A (also ) is a document that describes the process, progress, or results of technical or or the state of a technical or scientific research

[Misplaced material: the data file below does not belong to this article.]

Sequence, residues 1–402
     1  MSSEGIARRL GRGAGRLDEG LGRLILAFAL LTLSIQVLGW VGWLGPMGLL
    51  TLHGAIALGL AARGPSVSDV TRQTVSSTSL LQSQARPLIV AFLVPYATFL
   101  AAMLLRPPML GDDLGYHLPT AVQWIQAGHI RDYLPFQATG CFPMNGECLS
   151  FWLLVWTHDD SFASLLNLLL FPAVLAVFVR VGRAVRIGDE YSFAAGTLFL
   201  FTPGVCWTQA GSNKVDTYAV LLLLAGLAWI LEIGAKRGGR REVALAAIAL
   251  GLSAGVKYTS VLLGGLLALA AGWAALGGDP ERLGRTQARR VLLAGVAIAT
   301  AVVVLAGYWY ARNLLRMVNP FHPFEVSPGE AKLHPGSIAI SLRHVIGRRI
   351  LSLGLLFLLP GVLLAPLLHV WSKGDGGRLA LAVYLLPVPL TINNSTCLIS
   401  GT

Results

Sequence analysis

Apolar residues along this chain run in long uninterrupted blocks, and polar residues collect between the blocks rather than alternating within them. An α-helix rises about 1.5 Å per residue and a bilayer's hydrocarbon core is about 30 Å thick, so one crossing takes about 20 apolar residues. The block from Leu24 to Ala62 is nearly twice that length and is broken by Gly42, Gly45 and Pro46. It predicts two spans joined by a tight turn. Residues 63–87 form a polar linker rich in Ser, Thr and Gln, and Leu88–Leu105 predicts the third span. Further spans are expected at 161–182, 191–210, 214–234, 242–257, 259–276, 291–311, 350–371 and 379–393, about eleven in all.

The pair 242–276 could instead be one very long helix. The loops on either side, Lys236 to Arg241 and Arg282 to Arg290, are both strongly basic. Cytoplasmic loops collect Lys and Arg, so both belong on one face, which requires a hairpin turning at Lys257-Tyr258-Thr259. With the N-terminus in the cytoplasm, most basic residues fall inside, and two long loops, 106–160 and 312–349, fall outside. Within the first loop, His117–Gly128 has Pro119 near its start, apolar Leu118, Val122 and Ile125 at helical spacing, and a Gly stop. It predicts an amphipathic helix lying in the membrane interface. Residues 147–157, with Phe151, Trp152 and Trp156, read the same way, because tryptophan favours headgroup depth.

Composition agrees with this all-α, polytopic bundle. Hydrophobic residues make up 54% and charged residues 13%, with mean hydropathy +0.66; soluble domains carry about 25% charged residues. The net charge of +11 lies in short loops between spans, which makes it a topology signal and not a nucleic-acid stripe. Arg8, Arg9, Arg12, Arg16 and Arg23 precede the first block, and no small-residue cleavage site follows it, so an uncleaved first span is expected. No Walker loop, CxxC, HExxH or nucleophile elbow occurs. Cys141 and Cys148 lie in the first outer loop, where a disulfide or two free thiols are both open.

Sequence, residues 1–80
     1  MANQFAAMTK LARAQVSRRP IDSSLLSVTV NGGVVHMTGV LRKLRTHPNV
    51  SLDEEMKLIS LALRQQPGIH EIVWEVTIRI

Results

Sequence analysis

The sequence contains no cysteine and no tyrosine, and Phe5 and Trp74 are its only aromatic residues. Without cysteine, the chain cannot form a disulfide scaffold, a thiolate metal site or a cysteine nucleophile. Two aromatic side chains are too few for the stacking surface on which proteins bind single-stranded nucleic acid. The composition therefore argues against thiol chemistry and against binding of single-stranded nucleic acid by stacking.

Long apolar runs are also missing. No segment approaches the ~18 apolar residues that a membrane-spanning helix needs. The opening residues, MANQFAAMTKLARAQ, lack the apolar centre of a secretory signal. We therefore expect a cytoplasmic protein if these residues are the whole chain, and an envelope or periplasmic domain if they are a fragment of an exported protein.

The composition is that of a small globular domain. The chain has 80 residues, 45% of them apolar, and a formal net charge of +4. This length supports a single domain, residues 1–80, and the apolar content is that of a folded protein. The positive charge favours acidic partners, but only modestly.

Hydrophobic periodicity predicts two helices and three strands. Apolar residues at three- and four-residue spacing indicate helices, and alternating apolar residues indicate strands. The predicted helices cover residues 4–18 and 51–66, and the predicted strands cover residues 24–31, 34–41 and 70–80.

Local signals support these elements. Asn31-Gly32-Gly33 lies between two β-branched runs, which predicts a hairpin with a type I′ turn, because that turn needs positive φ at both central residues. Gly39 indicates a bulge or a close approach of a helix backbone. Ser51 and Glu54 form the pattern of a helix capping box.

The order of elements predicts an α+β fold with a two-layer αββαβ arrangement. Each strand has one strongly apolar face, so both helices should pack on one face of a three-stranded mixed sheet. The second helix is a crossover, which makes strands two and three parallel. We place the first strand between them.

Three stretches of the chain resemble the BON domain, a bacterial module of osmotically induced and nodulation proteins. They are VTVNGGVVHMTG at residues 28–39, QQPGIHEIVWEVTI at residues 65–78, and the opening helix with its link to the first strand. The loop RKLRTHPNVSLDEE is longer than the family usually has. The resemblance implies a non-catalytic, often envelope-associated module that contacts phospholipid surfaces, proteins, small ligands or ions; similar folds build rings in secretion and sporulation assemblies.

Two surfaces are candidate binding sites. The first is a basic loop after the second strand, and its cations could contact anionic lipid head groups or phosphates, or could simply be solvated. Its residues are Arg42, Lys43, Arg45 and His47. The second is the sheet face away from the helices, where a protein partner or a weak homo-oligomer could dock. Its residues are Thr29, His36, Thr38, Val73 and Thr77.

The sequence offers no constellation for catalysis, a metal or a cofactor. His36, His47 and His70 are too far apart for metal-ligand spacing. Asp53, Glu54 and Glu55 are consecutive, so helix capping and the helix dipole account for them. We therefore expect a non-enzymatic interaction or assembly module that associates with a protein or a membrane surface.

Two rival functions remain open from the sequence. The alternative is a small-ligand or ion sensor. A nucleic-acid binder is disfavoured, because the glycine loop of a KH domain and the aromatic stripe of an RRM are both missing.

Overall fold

A (also ) is a document that describes the process, progress, or results of technical or or the state of a technical or scientific research problem. It might also include recommendations and conclusions of the research. Unlike other , such as scientific journals and the proceedings of some academic conferences, technical reports rarely undergo comprehensive independent before publication. They may be considered as . Where there is a review process, it is often limited to within the originating organization. Similarly, there are no formal publishing procedures for such reports, except where established locally. Technical reports are today a major source of scientific and technical information. They are prepared for internal or wider distribution by many organizations, most of which lack the extensive editing and printing facilities of commercial publishers. Technical reports are often prepared for sponsors of research projects. Another case where a technical report may be produced is when more information is produced for an academic paper than is acceptable or feasible to publish in a peer-reviewed publication; examples of this include in-depth experimental details, additional results, or the architecture of a computer model. Researchers may also publish work in early form as a technical report to establish novelty, without having to wait for the often long production schedules of academic journals. Technical reports are considered “non-archival” publications, and so are free to be published elsewhere in peer-reviewed venues with or without modification. Google Scholar is a freely accessible that indexes the full text or metadata of across an array of publishing formats and disciplines. Released in in November 2004, the Google Scholar index includes most online and books, conference papers, and , , , , and other scholarly literature, including and . While does not publish the size of Google Scholar’s database, scientometric researchers estimated it to contain roughly 389 million documents including articles, citations and patents making it the world’s largest academic search engine in January 2018. Previously, the size was estimated at 160 million documents as of May 2014. An earlier statistical estimate published in using a method estimated approximately 80–90% coverage of all articles published in English with an estimate of 100 million. This estimate also determined how many documents were freely available on the web. How to Write a Paper in a Weekend (By Prof. Pete Carr) Power Point

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